Consumer Reports said that Tesla’s latest version of Autopilot drives like “a kid behind the wheel for the very first time.”
The semi-autonomous driving aid was recently updated with new software for its Navigate on Autopilot system, which can change lanes on the highway, pass other cars and take exits when it has a destination programmed in.
The organization said its test car, which it owns, sometimes passed on the right and cut off other vehicles while merging, requiring intervention from the driver to avoid accidents.
Some of the erratic behaviors echo those from a Fox News Autos test of a Model 3 using the prior version of the software.
Autopilot returned to the headlines last week when a preliminary NTSB report on the investigation of a fatal crash involving a Tesla Model 3 slamming into a tractor-trailer crossing the road in front of it said that the feature was in use at the time of the accident.
Unlike earlier editions, the latest software release allows drivers to give the car blanket authorization to make the lane changing maneuvers without requiring human approval before each one, although Tesla says that the driver is still expected to pay attention and prove this by touching the steering wheel.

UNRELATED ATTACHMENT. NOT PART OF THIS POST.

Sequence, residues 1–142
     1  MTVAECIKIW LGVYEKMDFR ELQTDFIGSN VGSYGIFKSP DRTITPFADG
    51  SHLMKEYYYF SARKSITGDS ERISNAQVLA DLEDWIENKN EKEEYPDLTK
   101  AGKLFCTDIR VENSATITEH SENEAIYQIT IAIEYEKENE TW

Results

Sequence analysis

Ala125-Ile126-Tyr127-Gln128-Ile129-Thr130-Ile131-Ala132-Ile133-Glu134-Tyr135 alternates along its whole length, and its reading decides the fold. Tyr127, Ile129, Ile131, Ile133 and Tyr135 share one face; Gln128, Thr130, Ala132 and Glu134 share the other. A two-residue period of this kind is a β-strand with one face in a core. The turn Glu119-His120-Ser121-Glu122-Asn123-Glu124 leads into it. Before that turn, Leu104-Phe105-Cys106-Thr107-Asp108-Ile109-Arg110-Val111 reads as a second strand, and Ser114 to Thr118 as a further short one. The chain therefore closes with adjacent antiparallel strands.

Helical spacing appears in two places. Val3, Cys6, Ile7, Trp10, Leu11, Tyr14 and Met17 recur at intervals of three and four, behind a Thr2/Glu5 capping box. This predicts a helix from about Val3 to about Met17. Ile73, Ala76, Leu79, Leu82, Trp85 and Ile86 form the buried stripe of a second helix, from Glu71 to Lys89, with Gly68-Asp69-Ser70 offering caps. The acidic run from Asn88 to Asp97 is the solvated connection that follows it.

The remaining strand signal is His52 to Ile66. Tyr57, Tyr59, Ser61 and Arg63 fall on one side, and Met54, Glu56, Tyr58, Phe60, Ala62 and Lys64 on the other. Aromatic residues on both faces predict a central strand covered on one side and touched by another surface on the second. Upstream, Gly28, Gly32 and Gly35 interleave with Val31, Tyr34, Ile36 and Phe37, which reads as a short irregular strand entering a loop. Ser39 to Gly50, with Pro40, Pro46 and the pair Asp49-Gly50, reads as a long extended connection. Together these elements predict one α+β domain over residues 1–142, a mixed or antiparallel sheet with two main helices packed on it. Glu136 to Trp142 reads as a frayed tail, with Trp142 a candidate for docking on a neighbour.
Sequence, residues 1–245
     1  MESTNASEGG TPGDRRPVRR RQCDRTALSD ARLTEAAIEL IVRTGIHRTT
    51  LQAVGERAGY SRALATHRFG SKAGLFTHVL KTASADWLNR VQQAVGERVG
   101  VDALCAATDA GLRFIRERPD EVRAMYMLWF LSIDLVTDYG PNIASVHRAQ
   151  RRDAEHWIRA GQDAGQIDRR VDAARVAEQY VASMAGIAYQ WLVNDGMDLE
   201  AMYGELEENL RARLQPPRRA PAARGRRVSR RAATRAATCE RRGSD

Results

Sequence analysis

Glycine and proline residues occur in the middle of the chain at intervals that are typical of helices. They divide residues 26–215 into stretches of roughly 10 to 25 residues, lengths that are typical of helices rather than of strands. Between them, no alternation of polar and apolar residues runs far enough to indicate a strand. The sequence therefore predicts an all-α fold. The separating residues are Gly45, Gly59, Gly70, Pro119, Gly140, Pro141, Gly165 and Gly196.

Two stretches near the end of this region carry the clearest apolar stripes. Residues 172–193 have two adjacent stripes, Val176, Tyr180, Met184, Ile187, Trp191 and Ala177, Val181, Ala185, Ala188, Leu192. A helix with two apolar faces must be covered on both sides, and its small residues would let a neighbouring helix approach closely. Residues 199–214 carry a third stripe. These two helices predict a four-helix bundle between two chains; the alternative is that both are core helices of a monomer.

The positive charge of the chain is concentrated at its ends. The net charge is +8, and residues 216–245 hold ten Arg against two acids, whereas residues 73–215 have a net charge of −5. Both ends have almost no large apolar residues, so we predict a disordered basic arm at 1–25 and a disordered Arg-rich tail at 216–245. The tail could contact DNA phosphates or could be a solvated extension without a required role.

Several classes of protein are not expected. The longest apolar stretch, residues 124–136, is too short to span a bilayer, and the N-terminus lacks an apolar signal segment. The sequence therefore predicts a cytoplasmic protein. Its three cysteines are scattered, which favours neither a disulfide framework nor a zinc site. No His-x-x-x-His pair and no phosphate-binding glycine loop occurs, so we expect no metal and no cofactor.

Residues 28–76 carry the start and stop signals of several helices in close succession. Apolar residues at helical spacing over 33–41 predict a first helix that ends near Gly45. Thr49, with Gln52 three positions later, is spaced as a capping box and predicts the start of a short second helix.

“Navigate on Autopilot is based on map data, fleet data, and data from the vehicle’s sensors. However, it is the driver’s responsibility to remain in control of the car at all times, including safely executing lane changes,” the automaker told Consumer Reports.
Consumer Reports determined that some maneuvers the car made would be considered illegal in Connecticut, where the organization is based.
“In essence, the system does the easy stuff, but the human needs to intervene when things get more complicated,” said Jake Fisher, the organization’s head of automotive testing.
“This isn’t a convenience at all,” Fisher added. “Monitoring the system is much harder than just changing lanes yourself. Using the system is like monitoring a kid behind the wheel for the very first time. As any parent knows, it’s far more convenient and less stressful to simply drive yourself.”
"Our team consistently reviews data from instances when drivers took over while the feature has been in use, and has found that when used properly both versions of Navigate on Autopilot offer comparable levels of safety," Tesla wrote in a recent blog.
"Tesla is showing what not to do on the path toward self-driving cars: release increasingly automated driving systems that aren't vetted properly," said David Friedman, a former acting administrator of the National Highway Traffic Safety Administration who now is vice president of advocacy at Consumer Reports.
The Associated Press contributed to this report